• Leah – you’re cracking me up! So glad you’re loving the challah recipe. I know how you feel though, it’s too delicious! I’m honored that you think it’s “bottom-of-the-chicken-pan worthy,” though … that’s really saying something!! : )

    • Leah is a woman after my own heart. That would be an awesome last meal. The chicken schmootz juice and veggies with challah.

    • Sure! Just use my regular challah recipe by adding the liquids first in the breadmaker then adding whisked dry ingredients next – let the bread maker mix the dough for you and bake as a regular loaf, or take out the mixed dough and shape per the recipe and bake in the oven. So yum!

      • how long does this keep tasting good once its baked, and what’s the best way to keep it fresh.
        I need to bake it on friday but want to eat it on saturday.

        • The absolute best way to keep bread fresh is to vacu-seal it, but short of that, wait for it to cool completely, then seal in a zip-top bag, squeezing to remove as much air as possible without squishing the bread too! It will be fine the next day – this recipe is really moist and the yolks help to keep it that way. Enjoy!

  14. Hi,

    Do you think this recipe would work as cinnamon rolls? Or, if you’ve figured out a cinnamon roll recipe, I’d love to try it! I just tried adapting one, but it didn’t rise well…and have noticed you seem to add baking powder and baking soda along with yeast, and fast rising yeast at that. Love your flour though!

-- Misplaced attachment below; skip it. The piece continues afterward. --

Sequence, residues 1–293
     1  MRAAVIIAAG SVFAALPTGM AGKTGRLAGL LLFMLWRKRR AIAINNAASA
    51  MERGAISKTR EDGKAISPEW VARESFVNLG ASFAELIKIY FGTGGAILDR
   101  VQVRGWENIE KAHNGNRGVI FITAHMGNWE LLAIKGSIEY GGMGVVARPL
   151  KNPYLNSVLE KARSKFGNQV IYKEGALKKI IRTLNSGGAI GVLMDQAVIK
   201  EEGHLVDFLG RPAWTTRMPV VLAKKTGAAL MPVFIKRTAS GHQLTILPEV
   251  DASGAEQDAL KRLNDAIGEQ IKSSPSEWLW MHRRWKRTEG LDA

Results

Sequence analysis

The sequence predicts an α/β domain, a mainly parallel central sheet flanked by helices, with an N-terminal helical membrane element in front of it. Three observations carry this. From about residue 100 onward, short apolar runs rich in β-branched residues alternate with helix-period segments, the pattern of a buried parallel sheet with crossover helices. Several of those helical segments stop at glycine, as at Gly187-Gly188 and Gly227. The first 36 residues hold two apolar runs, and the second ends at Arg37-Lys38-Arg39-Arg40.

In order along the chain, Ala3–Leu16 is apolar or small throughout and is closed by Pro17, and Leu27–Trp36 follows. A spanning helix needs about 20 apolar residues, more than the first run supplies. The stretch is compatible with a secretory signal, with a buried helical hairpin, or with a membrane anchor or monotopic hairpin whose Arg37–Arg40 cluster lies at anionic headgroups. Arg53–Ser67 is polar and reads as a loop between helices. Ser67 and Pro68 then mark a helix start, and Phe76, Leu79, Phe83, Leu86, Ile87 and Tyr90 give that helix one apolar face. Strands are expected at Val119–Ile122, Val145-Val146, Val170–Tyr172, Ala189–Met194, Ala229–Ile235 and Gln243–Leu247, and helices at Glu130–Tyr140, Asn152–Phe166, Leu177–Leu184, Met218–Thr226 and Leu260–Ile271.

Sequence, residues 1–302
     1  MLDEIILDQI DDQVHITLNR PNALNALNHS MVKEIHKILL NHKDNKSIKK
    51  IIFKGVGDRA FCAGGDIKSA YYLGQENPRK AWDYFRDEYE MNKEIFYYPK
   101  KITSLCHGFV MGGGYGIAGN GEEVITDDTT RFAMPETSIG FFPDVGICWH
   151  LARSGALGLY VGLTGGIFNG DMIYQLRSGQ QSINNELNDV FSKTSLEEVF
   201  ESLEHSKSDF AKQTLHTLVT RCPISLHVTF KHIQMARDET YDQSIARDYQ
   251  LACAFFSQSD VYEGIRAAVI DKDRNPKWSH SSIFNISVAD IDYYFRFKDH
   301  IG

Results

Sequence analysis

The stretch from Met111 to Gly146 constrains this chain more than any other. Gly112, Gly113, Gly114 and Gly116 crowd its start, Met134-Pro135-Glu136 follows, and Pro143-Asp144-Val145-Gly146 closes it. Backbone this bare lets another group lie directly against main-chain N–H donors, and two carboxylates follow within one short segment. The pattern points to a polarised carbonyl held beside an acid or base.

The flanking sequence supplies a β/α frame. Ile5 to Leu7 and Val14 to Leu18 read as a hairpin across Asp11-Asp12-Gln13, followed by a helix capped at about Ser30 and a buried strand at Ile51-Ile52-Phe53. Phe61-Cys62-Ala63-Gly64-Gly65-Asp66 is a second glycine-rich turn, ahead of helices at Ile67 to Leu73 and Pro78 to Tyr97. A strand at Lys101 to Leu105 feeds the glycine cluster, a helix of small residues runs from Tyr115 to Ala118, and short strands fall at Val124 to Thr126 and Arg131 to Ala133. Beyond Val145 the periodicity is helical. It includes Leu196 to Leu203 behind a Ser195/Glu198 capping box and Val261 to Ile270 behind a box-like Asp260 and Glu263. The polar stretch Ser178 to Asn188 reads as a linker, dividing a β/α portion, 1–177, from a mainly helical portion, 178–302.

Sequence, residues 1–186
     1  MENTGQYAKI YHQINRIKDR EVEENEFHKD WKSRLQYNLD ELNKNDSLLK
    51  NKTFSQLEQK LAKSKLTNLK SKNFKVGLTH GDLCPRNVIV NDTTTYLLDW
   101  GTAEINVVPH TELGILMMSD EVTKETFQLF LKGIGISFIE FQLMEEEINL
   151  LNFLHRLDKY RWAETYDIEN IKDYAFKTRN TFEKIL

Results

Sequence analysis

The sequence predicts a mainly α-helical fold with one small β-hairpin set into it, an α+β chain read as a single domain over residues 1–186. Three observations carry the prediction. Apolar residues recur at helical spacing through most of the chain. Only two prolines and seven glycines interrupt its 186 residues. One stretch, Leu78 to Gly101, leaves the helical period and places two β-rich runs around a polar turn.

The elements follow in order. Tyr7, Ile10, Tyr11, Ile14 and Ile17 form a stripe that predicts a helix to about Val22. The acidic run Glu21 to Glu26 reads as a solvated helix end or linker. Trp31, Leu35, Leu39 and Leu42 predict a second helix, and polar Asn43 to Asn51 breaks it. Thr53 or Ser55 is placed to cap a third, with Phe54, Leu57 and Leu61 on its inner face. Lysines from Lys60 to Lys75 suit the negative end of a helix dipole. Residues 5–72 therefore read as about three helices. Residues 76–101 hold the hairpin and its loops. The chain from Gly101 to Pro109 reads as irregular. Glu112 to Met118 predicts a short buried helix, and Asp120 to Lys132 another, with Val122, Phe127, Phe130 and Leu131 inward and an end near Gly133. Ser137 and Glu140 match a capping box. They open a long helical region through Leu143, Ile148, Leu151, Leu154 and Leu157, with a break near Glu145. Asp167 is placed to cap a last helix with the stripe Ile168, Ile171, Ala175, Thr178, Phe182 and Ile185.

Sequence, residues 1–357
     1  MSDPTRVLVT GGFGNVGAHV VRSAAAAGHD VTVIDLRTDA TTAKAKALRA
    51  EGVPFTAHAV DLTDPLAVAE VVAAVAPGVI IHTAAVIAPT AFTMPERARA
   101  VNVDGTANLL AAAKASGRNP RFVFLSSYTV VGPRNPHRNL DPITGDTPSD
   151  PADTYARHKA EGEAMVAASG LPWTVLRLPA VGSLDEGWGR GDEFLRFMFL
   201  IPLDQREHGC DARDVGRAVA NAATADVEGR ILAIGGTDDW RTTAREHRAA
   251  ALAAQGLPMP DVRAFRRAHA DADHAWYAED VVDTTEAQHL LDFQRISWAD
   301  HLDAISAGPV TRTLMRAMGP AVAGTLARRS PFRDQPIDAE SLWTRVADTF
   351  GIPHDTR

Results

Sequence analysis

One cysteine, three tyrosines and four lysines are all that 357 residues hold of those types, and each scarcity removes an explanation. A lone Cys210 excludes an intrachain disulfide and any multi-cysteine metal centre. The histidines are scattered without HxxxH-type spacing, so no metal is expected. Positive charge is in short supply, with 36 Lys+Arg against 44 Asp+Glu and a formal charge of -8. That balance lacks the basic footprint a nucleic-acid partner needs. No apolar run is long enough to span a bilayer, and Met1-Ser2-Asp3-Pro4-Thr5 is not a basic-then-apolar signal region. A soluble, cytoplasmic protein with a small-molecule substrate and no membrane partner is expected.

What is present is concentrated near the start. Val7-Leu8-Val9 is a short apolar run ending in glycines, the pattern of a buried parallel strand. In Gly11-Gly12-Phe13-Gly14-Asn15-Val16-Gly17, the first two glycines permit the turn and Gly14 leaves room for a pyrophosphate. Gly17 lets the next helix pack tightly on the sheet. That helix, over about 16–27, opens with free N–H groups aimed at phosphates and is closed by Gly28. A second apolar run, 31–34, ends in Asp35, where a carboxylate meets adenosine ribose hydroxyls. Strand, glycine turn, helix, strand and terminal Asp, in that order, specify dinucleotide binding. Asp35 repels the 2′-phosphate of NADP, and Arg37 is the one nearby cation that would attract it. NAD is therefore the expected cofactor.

• It makes a delicious dough, so it probably could work for cinnamon rolls (love how creative that is!) but I already have an amazing cinnamon roll recipe – it’s in my new book Free for All Cooking and it’s also in my 2010 Holiday E-book. It’s amazing! Some folks on Facebook have been making it lately with great success too – you should see their pictures!

    • I haven’t tried it, but if you cover it well and give it extra time to rise before baking the next day, it ought to work. Let me know!

      • To follow up. I made the 2 loaves, baked one and made it into a bread pudding the next day. I formed the second loaf, put it on parchment paper and wrapped it well with plastic wrap. I left it in the refrigerater for 24 hours. I took it out, let it come to room temperature, then proceeded with the recipe as if I had just formed the loaf and it came out perfect.

        • Diana – thanks for following up! I also made challah on Friday for Christmas dinner, but formed the second loaf, wrapped it tightly in plastic wrap on top of a parchment-lined baking sheet and refrigerated it overnight. Yesterday around noon, I took it out and uncovered it, let it rise in my warming drawer for about 1 1/2 hours, then baked it as normal and it was heavenly!

  15. Wow, this looks amazing! Somewhere along the way, I stopped craving bread, but this picture? Just brought back all those old memories!

  16. While I love to bake, making challah was always my husband’s domain. I tried a few GF challah recipes and they just didn’t cut it. I’ve been buying sliced challah from Katz Gluten Free, but I miss the smell of baking bread….


    • Sue, you’ve got to try this recipe! I’ve even taught it at gf cooking classes -it’s not hard, I promise!
      It’s so totally yummy and will fill your home with that amazing yeast bread smell … I’m making it this week again and so excited to do it! I think I may even add some diced apples … ok, I’m really getting hungry now! : )